MUSKEGON, Mich. (WOOD) — A mother of three in the Muskegon County Jail on a probation violation died of multiple brain hemorrhages brought on by an infection she had suffered for days while locked up, according to an autopsy report obtained by Target 8.
Tiffany Davis, 39, was the second Muskegon County Jail inmate to die in-custody in less than a year — both deaths raising questions about the care provided by an out-of-state health care company.
Muskegon County Sheriff Michael Poulin told Target 8 that an investigation by the Michigan Sheriff’s Association found that his jail guards acted appropriately in the April 2019 death of Paul Bulthouse, who suffered 17 seizures in a close-observation cell.
However, the sheriff said two jail nurses, both working for the health-care provider, Wellpath, are no longer at the jail. One was involved in Bulthouse’s care. The other in the care of Davis.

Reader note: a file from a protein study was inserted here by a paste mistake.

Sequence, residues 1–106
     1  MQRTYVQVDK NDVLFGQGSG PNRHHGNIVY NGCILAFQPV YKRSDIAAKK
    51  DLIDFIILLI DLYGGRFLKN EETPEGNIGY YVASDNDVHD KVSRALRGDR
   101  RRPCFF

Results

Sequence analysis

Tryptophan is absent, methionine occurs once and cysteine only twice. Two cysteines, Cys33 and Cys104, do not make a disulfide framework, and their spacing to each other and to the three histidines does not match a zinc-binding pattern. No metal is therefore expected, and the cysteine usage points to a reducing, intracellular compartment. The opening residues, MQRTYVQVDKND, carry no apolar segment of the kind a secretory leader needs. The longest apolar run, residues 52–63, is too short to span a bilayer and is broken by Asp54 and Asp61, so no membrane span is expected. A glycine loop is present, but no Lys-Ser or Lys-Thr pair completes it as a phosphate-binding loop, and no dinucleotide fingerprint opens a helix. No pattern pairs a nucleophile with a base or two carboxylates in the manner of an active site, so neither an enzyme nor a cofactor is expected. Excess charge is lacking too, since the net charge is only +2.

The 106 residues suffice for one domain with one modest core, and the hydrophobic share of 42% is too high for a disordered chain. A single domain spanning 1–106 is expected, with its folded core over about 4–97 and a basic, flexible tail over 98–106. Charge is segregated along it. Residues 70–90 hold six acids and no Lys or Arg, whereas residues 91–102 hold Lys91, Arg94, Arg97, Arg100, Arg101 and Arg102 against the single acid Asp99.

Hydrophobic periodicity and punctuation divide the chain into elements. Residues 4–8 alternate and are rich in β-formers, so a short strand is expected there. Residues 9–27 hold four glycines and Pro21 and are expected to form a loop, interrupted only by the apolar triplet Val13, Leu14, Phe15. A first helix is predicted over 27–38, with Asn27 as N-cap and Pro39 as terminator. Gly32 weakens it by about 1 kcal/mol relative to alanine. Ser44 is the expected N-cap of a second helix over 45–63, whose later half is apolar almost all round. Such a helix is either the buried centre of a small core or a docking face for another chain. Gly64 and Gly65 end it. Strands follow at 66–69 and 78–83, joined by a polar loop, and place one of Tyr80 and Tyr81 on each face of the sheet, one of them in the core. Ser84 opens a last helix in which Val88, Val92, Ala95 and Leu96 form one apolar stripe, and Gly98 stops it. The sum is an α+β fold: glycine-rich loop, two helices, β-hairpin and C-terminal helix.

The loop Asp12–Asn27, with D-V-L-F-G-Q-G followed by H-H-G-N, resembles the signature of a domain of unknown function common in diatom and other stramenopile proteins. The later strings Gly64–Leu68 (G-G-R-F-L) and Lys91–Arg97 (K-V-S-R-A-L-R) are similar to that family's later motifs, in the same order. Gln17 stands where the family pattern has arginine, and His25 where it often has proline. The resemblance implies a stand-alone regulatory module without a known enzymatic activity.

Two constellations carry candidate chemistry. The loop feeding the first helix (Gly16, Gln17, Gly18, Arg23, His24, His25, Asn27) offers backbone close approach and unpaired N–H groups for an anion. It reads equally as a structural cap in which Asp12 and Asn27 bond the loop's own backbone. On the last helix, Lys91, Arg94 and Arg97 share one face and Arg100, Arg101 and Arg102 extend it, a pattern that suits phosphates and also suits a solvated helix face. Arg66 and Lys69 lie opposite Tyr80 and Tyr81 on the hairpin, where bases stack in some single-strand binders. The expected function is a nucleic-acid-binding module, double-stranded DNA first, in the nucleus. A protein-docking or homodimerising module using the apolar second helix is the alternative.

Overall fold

On Thursday, Wellpath said in a statement it “takes accusations of misconduct seriously.”
“While we do not discuss personnel matters publicly, we discipline staff members whose actions do not reflect our values and mission to deliver high quality, compassionate care to our patients. Wellpath will take appropriate disciplinary action,” it said.
Davis’s cellmate, Keri Smith, told Target 8 she was with her when the symptoms started on Feb. 18 — first a headache, then vomiting, then seizures.
She said she begged a jail nurse to send her to the hospital that day. The jail sent her the next afternoon.
Davis was pronounced brain dead two days after that at Mercy Health Hackley Campus in Muskegon.
“The lady (the lead nurse) assured me, I said, ‘Are you taking her to a hospital?'” the cellmate said. “She says, ‘We can take care of this.’ I said, ‘Well, are you taking her to the hospital?’ She goes, ‘She’s going to be just fine.'”
“She put her arms on my shoulders and said, ‘This is my call.’ She said, ‘She’s going to be OK. It’s my call.'”
LAUGHING, JOKING AND SUFFERING
Davis’s mother, Gracie Michael, also told Target 8 that she repeatedly asked the jail to send her daughter to the hospital that day.